‘Our closest ally’, UK PM Johnson voices confidence in US ties


London, November 8

British Prime Minister Boris Johnson on Sunday said the US was an important ally of the UK and he looked forward to working closely with the new team at the White House on “shared priorities” from climate change to trade and security.

Johnson congratulated US President-elect Joe Biden and wished vice-president-elect Kamala Harris on her “historic achievement” in the bitterly-fought presidential election.

“The US is our important ally and I look forward to working closely together on our shared priorities, from climate change to trade and security,” he said in a statement posted on Twitter.

Johnson, who was once fondly dubbed “Britain Trump” by President Donald Trump, congratulated Biden on his victory on Saturday, saying he looked forward to “working closely together on our shared priorities”.

But some say Johnson, a leading force in the campaign to leave the European Union, might struggle to forge a close bond with Biden, who has in the past cast doubt over Brexit and has never met the Prime Minister.

Johnson, his foreign minister Dominic Raab and other members of the governing Conservatives were keen to underline how much overlap there now was between the incoming US administration and that of the British government on shared interests.

UK Foreign Secretary Dominic Raab, Johnson’s second in command, said in his statement that outgoing President Trump had “fought hard” and that he was looking forward to working with the new administration.

“The UK-US friendship has always been a force for good in the world,” he said.

Raab went further by saying Biden would “have no greater ally, no more dependable friend than the United Kingdom”.

UK Opposition leaders also joined in the congratulatory fervour, with Labour leader Sir Keir Starmer praising Biden’s campaign of “decency, integrity, compassion and strength” and the leader of the Liberal Democrats, Sir Ed Davey, saying the result was “a great victory for social justice, climate action and democracy”.

Former finance minister Sajid Javid predicted a much better chance of sealing a trade deal under the new administration rather than the “protectionist” Trump.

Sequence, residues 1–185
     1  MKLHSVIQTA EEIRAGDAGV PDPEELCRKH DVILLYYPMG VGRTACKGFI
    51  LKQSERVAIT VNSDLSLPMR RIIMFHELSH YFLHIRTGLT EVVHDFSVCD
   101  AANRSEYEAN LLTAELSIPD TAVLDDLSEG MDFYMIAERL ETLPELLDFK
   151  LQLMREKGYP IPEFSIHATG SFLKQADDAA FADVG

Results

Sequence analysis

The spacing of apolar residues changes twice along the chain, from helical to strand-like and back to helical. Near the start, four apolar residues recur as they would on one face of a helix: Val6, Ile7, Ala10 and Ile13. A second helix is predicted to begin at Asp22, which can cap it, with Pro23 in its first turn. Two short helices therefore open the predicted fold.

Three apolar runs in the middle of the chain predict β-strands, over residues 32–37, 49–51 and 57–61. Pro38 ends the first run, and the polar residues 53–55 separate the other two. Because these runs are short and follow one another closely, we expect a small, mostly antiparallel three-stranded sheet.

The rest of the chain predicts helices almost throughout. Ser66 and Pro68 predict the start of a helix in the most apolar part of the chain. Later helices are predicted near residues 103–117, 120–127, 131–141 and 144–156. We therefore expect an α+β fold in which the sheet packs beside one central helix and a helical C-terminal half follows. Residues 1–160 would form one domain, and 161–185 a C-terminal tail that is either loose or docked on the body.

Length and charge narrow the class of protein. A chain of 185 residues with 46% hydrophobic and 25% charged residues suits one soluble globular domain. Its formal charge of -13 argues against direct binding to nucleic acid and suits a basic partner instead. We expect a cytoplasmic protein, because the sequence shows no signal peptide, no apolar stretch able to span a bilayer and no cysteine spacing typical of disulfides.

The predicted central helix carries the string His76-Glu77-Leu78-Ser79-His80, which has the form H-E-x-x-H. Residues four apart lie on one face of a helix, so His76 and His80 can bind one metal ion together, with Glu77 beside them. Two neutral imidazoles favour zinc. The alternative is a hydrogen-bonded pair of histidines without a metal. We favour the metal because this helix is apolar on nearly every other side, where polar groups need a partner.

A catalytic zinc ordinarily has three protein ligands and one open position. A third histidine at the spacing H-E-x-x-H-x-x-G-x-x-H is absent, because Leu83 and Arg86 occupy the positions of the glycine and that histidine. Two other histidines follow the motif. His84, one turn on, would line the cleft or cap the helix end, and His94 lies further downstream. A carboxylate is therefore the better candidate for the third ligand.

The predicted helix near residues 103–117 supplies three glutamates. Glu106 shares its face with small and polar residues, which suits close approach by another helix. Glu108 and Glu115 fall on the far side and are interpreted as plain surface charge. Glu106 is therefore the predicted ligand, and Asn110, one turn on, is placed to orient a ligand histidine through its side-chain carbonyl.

Britain is pursuing trade deals around the world after leaving the EU in January, to try to project Johnson’s vision of a “global Britain” but talks with the United States have slowed over the last few months.

Describing himself as a “keen student of the United States’ trade policy”, Johnson said he believed there was a good chance the two sides would “do something on trade” despite Washington being “tough negotiators”.

But it is Britain’s trade talks with the EU that might cast a shadow over the relationship between Johnson and Biden, after the US President-elect expressed concerns over whether Britain would uphold Northern Ireland’s 1998 peace agreement and said he had hoped for a “different outcome” from the 2016 Brexit referendum.

Leaders from other parts of the UK welcomed the result as a sign of great hope while the UK media widely focussed on Biden’s message of unity in his victory speech.

“It is understood the Prime Minister [Boris Johnson] will ask Biden to join him in seeking a bold outcome to the UN climate summit the UK is hosting next year and to set up a ‘D10 coalition of democracies’ at the G7 summit in June, which Johnson is to chair,” reported The Sunday Times.

Meanwhile, a report in ‘The Sunday Telegraph’ struck a note of caution that Biden would not prioritise the UK-US trade deal talks in the first 100 days of his presidency, according to a figure advising the new President-elect’s campaign on foreign policy.

The British government has repeatedly said it will uphold the Good Friday Agreement, which ended 30 years of violence in the British province of Northern Ireland, and on Sunday, Raab accused the EU of putting it in jeopardy.

US Senator Chris Coons, a Democrat, told the BBC that he expected “some reconsideration of whatever comments may have been made about the moment of Brexit”.

“The special relationship between the United States and the United Kingdom has endured over the decades and I expect that there will be opportunities promptly for there to be some visits, some conversations.”

New laws on coronavirus relief, economic recovery, immigration reform, infrastructure improvements and tackling climate change would all be higher priorities.

“No one is going to want to test that out as the first piece of legislation,” the source was quoted by the newspaper as saying.

The UK has been hoping for a quick post-Brexit free trade agreement (FTA) with the US as a sign of vindication over its exit from the European Union (EU) allowing it to strike lucrative trade deals around the world.

A comment piece in the same newspaper looked into Harris’ big win, which it claims means “America is finally ready for a woman in the White House”.

The more Left-leaning media focussed more on the outgoing President’s exit, with the ‘Observer’ declaring that Biden’s win marks the end of “Trump’s war on democracy and truth”.

“Biden jogs on stage for victory speech as Trump slinks back from the golf course” declares ‘The Independent’ newspaper.

The tabloids went for the more humorous side of things, with ‘The Sun’ declaring: “Spit House: Trump ‘won’t attend Biden inauguration’ as White House staff seek to calm him” and ‘The Sunday Mirror’ leads with Kamala Harris’ history-making win. And Harris isn’t the only person who will make history when she takes on the job, and her husband Doug Emhoff will become America’s first-ever Second Gentleman,” it notes. PTI/Reuters



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